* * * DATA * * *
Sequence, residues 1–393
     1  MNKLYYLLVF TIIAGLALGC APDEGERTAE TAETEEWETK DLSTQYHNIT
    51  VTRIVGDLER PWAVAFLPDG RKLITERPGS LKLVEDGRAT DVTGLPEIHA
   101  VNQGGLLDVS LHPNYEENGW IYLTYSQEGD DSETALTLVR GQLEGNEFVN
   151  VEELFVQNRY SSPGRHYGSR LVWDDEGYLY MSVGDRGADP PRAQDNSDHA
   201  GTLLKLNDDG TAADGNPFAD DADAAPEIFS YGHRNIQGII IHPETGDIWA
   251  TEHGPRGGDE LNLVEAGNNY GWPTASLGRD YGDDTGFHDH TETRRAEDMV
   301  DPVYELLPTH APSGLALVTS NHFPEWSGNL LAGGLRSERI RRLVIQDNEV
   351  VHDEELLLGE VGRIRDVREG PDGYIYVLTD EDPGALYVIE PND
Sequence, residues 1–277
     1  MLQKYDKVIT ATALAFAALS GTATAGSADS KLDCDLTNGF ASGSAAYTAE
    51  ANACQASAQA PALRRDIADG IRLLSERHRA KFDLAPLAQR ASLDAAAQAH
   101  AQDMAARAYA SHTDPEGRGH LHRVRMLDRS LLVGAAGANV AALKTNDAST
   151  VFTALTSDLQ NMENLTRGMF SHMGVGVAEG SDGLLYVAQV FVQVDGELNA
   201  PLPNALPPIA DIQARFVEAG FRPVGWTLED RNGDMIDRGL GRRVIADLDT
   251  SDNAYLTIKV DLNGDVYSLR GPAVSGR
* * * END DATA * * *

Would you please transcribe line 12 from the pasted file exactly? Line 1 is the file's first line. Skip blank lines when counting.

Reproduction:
    51  ANACQASAQA PALRRDIADG IRLLSERHRA KFDLAPLAQR ASLDAAAQAH